What to eat if you have diverticulitis

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Millions of Americans suffer from diverticulitis and most are searching for a healthy diverticulitis diet. Diverticula are small pouches that form on the lining of the digestive system, most commonly in the large intestine. The presence of diverticula is a condition called diverticulosis, which is not uncommon and often presents no symptoms or problems.

Diverticula that become inflamed or infected cause discomfort—from bloating to severe abdominal pain—and that condition is diverticulitis.

Since diverticulitis is a digestive condition, it makes sense that diet and food play an important role.

diverticulitis diet foods

What is a diverticulitis diet?

A diverticulitis diet is a diet plan that many doctors recommend to help relieve the discomfort of diverticulitis and ease the body back to a normal diet.

But there are also some general diet practices that people with diverticulosis can follow to help prevent or lessen attacks of diverticulitis.

The diverticulitis recovery diet

During an attack of diverticulitis, doctors will recommend pulling back to only clear liquids, and then slowly adding certain foods as you are able. The Mayo Clinic explains,

Nutrition therapy for diverticulitis is a temporary measure to give your digestive system a chance to rest. Eat small amounts until bleeding and diarrhea subside.

A clear liquid diet generally includes:

  • Water
  • Clear juices, like apple juice, with no pulp
  • Clear broths
  • Plain popsicles, with no fruit or candy pieces
  • Plain tea, without cream or milk
  • Jell-O
clear liquid popsicle

As you start to recover, slowly begin adding foods that are low in fiber:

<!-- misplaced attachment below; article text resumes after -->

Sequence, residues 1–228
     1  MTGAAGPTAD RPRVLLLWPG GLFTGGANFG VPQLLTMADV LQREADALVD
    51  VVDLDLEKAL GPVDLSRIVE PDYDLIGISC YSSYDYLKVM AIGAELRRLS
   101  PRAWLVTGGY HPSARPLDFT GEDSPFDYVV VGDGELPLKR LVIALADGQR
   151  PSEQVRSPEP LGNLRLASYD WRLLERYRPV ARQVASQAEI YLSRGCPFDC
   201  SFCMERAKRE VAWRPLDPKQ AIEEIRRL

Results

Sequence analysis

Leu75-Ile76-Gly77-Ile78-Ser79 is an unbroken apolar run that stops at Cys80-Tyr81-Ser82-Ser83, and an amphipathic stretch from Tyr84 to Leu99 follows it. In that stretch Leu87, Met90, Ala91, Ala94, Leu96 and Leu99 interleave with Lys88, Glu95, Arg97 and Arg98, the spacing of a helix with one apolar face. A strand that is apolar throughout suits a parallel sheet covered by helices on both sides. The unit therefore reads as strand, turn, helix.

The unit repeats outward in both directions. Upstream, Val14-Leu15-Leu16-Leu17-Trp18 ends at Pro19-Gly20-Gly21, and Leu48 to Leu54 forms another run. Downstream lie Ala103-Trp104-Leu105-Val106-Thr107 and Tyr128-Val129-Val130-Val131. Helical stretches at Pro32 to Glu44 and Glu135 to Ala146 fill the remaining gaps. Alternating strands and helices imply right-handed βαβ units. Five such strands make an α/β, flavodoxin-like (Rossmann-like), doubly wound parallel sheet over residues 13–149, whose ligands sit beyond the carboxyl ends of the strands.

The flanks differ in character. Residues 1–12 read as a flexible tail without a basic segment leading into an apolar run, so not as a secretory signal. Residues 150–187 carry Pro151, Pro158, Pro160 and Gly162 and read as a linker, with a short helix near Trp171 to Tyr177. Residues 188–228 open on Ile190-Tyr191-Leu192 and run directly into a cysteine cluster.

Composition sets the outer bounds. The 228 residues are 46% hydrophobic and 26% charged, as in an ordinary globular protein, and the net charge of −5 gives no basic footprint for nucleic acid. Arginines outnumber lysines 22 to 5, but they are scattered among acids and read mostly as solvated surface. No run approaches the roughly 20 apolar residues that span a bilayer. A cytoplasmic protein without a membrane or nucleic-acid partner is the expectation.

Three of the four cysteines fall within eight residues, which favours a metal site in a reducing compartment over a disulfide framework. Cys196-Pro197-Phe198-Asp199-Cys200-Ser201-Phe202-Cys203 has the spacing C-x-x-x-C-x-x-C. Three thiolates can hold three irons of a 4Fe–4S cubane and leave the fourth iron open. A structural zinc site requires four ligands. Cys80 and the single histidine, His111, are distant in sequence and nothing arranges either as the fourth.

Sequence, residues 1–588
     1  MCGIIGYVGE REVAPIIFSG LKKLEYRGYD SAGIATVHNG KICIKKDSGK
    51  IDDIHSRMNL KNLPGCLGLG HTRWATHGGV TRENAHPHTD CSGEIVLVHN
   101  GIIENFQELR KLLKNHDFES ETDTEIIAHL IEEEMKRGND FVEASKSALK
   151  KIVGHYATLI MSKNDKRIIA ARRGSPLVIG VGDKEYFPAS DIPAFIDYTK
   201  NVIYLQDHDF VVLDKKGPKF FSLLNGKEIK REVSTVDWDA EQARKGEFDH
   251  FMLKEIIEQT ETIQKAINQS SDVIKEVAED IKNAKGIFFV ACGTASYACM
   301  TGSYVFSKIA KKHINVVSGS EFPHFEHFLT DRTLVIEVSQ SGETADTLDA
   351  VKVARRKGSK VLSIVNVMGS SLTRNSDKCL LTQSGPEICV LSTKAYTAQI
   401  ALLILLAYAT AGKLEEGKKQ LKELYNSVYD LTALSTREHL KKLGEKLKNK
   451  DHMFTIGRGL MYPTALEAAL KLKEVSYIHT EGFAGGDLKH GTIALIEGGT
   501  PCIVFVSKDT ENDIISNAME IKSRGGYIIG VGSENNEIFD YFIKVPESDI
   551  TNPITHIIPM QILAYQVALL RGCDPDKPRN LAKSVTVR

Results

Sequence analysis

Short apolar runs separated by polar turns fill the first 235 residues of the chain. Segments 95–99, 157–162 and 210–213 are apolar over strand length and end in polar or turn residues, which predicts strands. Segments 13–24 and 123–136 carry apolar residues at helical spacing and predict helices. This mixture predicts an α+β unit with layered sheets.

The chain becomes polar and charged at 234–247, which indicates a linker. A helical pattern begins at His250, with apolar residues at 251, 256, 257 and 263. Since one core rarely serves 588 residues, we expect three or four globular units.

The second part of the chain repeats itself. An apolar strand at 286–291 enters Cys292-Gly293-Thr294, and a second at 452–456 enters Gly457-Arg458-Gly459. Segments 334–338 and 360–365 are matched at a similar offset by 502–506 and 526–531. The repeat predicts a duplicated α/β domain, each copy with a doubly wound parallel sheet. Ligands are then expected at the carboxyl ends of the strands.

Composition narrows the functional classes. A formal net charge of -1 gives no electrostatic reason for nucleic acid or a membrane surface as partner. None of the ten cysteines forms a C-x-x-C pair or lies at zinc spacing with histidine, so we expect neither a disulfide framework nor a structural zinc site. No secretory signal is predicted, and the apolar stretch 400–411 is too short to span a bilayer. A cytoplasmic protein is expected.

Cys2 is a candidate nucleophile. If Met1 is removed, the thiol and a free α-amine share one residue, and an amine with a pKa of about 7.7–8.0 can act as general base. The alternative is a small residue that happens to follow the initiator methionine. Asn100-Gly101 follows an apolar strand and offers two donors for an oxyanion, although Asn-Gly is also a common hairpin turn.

• White bread
  • White rice
  • Pasta and noodles
  • Fruit or vegetable juice with no pulp
  • Canned fruit without skin or seeds
  • Canned or cooked green beans or carrots without skin
  • Eggs
  • Fish

Clear liquids provide almost no nutritional value, so try to add more foods as soon as you feel up to it. If you can’t eat anything after two days, it’s time to call your doctor.

The general diverticulitis diet

Unlike the recovery diet, there is not a universally recognized, one-size-fits-all diet plan to prevent attacks of diverticulitis. Several studies, however, have proven that certain dietary changes can be helpful.

1. Fiber-rich foods

It seems counter-intuitive, since doctors recommend avoiding high-fiber foods during a diverticulitis attack, but people with diverticulosis are generally encouraged to make sure they’re getting enough fiber.

That’s because fiber is a crucial ingredient to overall gut health. Fiber encourages normal, regular bowel movements, which is important for keeping the digestive system clear and healthy.

People who don’t get enough fiber (most Westerners), are more likely to suffer diverticulitis than people who do. Other studies have shown that regular bowel movements may prevent diverticulitis and can help the digestive system heal after an attack.

Fiber-rich foods include:

  • Vegetables, such as broccoli and Brussel’s sprouts
  • Beans and legumes
  • Fruits (with the skin, where applicable), like pears, apples, bananas, and avocados
  • Grains, like bran and barley

You can also increase fiber intake through a simple supplement.

fiber supplement

It’s important to note that if you are not currently getting much fiber, you need to increase your intake slowly. A sudden, dramatic increase in the amount of fiber you’re eating can lead to bloating and constipation.

2. Probiotics

Probiotics are live microorganisms—beneficial bacteria and yeasts—that improve and support overall gut health.

It makes sense, then, that probiotics may help ease the symptoms of several digestive conditions. At last one study demonstrated how probiotics helped treat symptoms of diverticulitis.

Probiotics can be found in natural yogurt and fermented foods such as:

  • Kefir
  • Sauerkraut
  • Kimchi
  • Tempeh
  • Kombucha

Supplements are also a good option if you need to add probiotics, but aren’t a fan of fermented foods.

probiotic supplement

3. Anti-inflammatory foods